llike an internal clock, or a set of multiple clocks working in unison.
If you look at how a clock works it requires a lot of precision and synchronization.
If you open the clock’s back cover you’ll see a lot of gears moving at different
speeds. It is impressive to see so many different gears of different sizes, moving
at different speeds and often in opposite directions, somehow working together to
produce a single result—the accurate movement of the clock’s hour, minute or second
hands. The clock’s timing gears have to work in unison in a precise way for the clock
to keep the right time.
If those gears didn’t keep proper time we’d always be late for school or work, we
wouldn’t know how long to keep something cooking in the oven and we could not be
relied on to accurately carry on with our daily tasks.
Much like the gears in a clock, different areas of the brain need to work together
in a synchronized manner to produce an organized, well coordinated response to a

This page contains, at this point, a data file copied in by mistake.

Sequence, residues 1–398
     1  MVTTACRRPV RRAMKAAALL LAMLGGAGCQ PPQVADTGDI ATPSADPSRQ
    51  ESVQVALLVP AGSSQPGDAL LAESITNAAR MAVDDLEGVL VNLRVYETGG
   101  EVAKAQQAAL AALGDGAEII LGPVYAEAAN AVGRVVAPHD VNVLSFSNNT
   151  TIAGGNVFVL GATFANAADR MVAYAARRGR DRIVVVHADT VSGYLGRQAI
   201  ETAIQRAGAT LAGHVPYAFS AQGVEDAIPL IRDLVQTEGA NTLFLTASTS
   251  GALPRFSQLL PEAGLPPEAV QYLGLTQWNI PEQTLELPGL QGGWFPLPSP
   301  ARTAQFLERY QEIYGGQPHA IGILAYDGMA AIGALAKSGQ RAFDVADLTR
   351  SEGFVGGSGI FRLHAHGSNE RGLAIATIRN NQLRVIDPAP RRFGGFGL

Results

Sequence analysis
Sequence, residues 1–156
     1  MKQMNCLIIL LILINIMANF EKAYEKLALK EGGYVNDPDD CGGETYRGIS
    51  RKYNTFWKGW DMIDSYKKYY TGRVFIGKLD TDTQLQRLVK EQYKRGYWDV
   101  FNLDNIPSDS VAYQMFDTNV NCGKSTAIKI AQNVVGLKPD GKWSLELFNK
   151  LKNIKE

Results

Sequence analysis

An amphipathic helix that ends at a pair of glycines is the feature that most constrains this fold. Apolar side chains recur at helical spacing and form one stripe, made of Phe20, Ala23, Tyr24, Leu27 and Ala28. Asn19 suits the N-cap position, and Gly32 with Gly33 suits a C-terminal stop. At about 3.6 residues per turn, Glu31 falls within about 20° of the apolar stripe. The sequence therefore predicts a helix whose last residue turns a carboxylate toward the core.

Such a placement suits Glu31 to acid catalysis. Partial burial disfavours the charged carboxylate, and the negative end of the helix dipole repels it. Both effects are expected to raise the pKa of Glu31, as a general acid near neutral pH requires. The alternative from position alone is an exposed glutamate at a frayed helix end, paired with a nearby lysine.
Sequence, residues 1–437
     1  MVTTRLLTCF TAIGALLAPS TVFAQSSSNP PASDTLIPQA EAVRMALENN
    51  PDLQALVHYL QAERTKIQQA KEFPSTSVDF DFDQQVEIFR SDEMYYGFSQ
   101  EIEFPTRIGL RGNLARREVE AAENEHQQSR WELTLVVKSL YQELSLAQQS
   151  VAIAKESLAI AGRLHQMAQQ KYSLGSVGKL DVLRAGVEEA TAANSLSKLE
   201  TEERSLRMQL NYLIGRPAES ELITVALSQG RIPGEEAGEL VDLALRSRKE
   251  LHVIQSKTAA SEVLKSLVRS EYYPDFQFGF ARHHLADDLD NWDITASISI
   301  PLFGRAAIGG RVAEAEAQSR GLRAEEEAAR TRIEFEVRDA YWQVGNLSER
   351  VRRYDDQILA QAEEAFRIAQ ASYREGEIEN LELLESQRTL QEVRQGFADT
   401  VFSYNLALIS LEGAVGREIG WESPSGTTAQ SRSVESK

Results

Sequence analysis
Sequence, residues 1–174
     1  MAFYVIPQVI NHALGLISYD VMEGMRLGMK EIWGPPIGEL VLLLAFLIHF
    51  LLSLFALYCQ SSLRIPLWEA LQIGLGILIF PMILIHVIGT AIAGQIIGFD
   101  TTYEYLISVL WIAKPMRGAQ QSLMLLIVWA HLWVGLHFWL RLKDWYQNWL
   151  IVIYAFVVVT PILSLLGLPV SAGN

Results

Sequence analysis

task. The brain parts need to have good synchronized brain rhythm. Some young children
who are deemed “clumsy” or “slow” in fact have an internal clock that is not well
synchronized. Other times an injury or illness causes our internal timing to be thrown
off. Either way therapy is typically prescribed
to improve the functions that are impaired.
The human brain is a marvelous timing machine. It coordinates time in hours, minutes,
seconds and fractions of seconds. Our sleep cycle, the way we walk, our rate of speech
and even how we type or write by hand all involve precise timing controlled by the
brain. This happens because the brain is functions
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